Figure 2 shows the Pronate grasp as used by a 10 year old boy who has Down Syndrome.

 

Figure 2
 

 

Dynamic tripod

Children usually assume the Dynamic tripod by about 7 years of age. In this 'mature' position the thumb, index and middle fingers act as a tripod. They support the writing implement and enable small, highly coordinated finger movements. (Refer Figure 3). 

 

Figure 3

The Dynamic tripod is typically preceded by the Simple tripod in which the correct finger positioning is evident, but the coordinated finger movements are lacking.

Few studies have been conducted into fine motor development beyond childhood. Nonetheless, Payne and Isaacs (1987) report that the Dynamic tripod grasp continues to be refined between the ages of 6 -14.

 

 

Poor handwriting techniques

Figures 4 and 5 are samples of poor handwriting technique observed during our practicums.

 

Figure 4

 

Figure 5

 

A cross-cultural comparison of Dynamic tripod development

Rosenbloom and Horton (1971; cited in Payne and Isaacs, 1987) used British children when studying the development of techniques for holding writing implements. Later, Saida and Miyashita (1979; cited in Payne and Isaacs, 1987) conducted a similar study using Japanese children. They wanted to compare the fine motor skills of both groups of children.

 

 

Overlap of fine motor and gross motor skills

Children's handwriting and drawing techniques follow the proximodistal rule of motor development.

Initially, children hold the pencil away from the tip because the movements needed to propel it emanate from the shoulder. Later, the elbow produces the pencil movement and finally, the fingers and thumb gain sufficient control to propel it (Payne and Isaacs, 1987).

 

Figure 6

Figure 7

The proximodistal rule of fine motor development was observed during our practicums and can be seen in Figures 6 & 7.  

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Movement products - drawing

As well as the technique involved in drawing and writing, researchers have examined the products of the movement process.

 

Stages of drawing

Children usually draw before they attempt to write. Their drawing efforts familiarise them with writing implements and improve their fine motor abilities.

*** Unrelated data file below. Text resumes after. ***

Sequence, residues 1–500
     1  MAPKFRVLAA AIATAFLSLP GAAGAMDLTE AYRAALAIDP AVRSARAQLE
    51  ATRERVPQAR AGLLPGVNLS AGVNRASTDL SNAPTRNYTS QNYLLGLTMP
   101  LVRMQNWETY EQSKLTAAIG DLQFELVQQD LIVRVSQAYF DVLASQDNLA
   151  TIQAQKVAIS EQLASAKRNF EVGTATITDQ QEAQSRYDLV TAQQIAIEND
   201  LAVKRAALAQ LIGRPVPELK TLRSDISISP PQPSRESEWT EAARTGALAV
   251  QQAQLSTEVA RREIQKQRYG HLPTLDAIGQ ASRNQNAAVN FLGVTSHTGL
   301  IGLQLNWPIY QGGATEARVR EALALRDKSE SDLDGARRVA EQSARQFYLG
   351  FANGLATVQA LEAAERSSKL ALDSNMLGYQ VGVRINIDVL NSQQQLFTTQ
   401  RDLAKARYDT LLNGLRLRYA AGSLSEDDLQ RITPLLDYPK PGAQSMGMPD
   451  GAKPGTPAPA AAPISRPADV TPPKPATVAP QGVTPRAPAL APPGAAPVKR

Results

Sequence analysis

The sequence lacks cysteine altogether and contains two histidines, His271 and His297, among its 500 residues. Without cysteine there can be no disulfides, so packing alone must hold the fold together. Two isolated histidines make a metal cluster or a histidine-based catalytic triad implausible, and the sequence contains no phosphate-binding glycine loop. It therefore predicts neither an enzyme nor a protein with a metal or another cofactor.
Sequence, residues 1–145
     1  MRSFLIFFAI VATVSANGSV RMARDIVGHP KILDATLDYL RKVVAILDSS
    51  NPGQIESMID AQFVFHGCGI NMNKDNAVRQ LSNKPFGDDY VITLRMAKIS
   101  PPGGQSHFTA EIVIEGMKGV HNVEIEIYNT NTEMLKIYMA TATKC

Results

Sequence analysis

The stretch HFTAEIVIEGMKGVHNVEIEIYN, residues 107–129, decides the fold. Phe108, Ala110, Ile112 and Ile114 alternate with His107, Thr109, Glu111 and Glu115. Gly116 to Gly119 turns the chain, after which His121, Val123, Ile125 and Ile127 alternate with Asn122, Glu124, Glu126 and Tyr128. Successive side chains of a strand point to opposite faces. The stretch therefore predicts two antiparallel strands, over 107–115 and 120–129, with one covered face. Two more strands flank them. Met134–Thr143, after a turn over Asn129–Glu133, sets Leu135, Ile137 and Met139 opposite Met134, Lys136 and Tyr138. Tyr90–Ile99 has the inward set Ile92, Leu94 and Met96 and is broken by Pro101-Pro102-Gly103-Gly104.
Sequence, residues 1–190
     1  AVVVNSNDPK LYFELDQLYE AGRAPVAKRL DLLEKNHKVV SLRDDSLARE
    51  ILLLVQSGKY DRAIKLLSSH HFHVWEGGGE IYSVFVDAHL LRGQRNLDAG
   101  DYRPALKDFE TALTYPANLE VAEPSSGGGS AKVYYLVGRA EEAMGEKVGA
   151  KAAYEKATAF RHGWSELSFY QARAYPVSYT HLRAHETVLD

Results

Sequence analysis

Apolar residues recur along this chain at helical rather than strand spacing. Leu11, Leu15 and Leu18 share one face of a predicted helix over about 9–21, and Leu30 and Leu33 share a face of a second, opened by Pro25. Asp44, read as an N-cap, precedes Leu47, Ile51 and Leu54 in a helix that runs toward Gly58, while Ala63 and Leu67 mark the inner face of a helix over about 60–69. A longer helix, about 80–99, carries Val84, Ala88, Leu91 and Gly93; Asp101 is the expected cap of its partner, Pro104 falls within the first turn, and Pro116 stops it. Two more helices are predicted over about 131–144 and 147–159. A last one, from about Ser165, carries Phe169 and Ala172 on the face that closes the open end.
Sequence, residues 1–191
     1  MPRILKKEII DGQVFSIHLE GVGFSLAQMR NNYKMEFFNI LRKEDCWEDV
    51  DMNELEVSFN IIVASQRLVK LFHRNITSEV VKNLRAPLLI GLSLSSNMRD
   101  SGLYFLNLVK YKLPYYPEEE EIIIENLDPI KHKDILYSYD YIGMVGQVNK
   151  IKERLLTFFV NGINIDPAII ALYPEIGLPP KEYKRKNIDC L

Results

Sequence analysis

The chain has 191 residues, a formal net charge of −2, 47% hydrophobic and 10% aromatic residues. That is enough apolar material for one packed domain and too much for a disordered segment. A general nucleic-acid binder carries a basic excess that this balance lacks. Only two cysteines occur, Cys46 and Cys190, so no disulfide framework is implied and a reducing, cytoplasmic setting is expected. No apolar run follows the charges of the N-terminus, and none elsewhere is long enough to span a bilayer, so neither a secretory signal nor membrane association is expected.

Following an in-depth study of children's paintings, Kellogg (1969; cited in Payne and Isaacs, 1987) identified the following stages of drawing development:

  • Scribbling stage
  • Combine stage
  • Aggregate stage
  • Pictorial stage

Kellogg's four stages are sequential, however, the age at which children enter these stages is influenced by variables such as the home environment.

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Movement products - writing

Like drawings, the products of handwriting also occur in sequential stages. Payne and Isaacs (1987) report that:

 

At 4 years of age:

Children can usually write recognisable letters, although they are often scattered randomly over the page.

At 5-6 years of age:

Children can usually print their names in large (1.5-5cm) upper case.

At 7 years of age:

Children's writing is usually smaller (about 0.5cm) and printed effectively in lover case.

Difficult letters to write

According to Payne and Isaacs (1987), many children do no master spacing words until they are about 9 years old.

 

Observations we made in Junior Primary classes during our practicums support this view. (Refer Figure 8).

 

 

 

 

Figure 8
Payne and Isaacs (1987) also report that young children find some letters more difficult to write than others.

EASIER TO WRITE
HARDER TO WRITE

Single-stroke letters, for example, l, c, s

Multiple-stroke letters, for example, f, k

Letters with horizontal and vertical stripes, for example, E, T, H

Letters with slants, for example, K, B, Z

This view was also supported by our observations in Junior Primary classrooms during practicums. (Refer Figure 9).

 

  

   Figure 9